Recreational Vehicle

Recreational vehicle can be a vehicle primarily designed as temporary living quarters for recreational, camping, travel or seasonal use, that either is mounted on or towed by another vehicle.

Examples of some recreational vehicles include, but are not limited to, motorcycles, ATVs, snowmobiles, fifth wheel trailers, tent trailers, and motor homes. This is not mobile homes which though called mobile are actually stationary.

The rates for recreational vehicles are stacked over the season that the unit is in use. Motorcycles generate premium from early Spring to Fall and snowmobiles generate premium from late Fall to early Spring. So it is of no savings to drop your coverage during the "off" season.

Rates for recreational vehicles are usually quite low as they are not used with the same intention of a pleasure vehicle to commute to and from work or a commercial vehicle which carries tools or supplies.

Once again you are wise to consider what your particular need is for your recreational vehicle. If you do not carry some Specified Perils or Comprehensive coverage for physical damage then you will bear the brunt of any costs when your sled hits a rock and cannot be brought down the mountain. Another example would be your motorcycle being vandalized to the point of extensive repairs being required.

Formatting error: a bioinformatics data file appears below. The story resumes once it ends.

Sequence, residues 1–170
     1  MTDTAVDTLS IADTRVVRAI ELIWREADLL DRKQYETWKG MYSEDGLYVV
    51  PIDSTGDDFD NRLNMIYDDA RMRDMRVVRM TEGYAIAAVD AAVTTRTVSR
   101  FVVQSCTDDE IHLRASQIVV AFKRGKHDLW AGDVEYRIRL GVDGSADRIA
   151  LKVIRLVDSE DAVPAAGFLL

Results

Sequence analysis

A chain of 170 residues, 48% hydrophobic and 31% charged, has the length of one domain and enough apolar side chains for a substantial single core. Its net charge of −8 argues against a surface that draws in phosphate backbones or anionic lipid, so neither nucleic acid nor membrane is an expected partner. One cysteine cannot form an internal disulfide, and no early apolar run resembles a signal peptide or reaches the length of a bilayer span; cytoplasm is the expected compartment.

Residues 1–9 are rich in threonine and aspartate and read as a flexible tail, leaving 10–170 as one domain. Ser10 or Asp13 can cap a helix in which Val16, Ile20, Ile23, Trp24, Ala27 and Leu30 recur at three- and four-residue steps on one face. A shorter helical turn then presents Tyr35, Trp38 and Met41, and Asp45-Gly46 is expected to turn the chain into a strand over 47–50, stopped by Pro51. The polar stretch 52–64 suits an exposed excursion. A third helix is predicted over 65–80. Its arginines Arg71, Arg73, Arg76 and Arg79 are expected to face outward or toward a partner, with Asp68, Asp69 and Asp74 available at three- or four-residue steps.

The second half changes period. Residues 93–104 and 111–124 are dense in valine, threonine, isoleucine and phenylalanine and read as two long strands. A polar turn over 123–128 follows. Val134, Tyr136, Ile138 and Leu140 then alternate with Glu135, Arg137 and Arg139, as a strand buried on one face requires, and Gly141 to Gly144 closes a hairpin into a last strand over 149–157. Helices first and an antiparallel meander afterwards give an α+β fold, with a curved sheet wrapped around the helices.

Many an accident has resulted in a significant collision claim so if you have quite a bit of money invested in this item then do consider having physical damage coverage.

You also need to consider if you will add this unit to an existing policy or if you will keep it separate. There are reasons to do both. It may be less expensive to add your unit to your home or automobile policy. You may get a lesser deductible by writing in on a stand-alone policy. You want to consider the impact of having a claim and will it cost you a discount?

Insurance answer
Be sure to determine if your coverage is for guaranteed replacement cost, replacement cost or actual cash value. Talk to your agent or broker about what will "really happen" at the time of a claim. You may need an appraisal, receipts or other documentation to receive what you consider to be fair.